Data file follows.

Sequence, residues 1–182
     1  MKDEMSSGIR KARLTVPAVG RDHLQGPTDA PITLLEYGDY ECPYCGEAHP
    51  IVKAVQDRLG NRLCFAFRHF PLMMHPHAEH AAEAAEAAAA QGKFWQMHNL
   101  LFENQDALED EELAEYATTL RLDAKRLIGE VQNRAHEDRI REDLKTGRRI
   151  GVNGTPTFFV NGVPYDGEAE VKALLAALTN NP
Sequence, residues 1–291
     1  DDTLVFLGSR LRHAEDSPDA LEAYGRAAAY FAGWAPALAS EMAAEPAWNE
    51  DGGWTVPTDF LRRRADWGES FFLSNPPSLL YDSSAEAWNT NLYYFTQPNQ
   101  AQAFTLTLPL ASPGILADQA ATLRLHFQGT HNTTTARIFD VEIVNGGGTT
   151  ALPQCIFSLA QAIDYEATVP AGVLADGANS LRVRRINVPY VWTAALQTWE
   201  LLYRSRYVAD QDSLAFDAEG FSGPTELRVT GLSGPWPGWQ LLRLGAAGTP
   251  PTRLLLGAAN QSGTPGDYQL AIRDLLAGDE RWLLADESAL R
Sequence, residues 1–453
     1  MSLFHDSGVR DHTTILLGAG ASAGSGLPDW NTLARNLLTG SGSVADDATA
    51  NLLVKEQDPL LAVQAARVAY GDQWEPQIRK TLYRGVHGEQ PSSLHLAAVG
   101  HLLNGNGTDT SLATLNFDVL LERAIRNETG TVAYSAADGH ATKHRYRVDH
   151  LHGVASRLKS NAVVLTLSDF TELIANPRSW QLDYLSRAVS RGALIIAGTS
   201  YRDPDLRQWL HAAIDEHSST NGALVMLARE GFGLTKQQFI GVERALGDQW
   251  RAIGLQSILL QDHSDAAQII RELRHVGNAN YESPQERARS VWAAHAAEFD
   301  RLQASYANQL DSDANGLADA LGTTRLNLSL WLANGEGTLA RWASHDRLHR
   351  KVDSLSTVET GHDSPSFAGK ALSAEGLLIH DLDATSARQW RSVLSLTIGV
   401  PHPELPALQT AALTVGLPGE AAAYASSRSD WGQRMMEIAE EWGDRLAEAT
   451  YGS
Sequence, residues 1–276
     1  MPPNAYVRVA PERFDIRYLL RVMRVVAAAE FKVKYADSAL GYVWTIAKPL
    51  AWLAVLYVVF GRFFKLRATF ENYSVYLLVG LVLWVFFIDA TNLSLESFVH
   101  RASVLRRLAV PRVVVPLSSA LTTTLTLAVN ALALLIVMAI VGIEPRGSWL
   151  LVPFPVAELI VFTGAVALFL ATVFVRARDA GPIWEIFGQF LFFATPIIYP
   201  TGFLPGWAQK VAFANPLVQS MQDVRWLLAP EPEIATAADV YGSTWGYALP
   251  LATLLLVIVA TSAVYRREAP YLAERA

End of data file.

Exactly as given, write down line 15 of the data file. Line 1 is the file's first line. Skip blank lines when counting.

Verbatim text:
    51  NLLVKEQDPL LAVQAARVAY GDQWEPQIRK TLYRGVHGEQ PSSLHLAAVG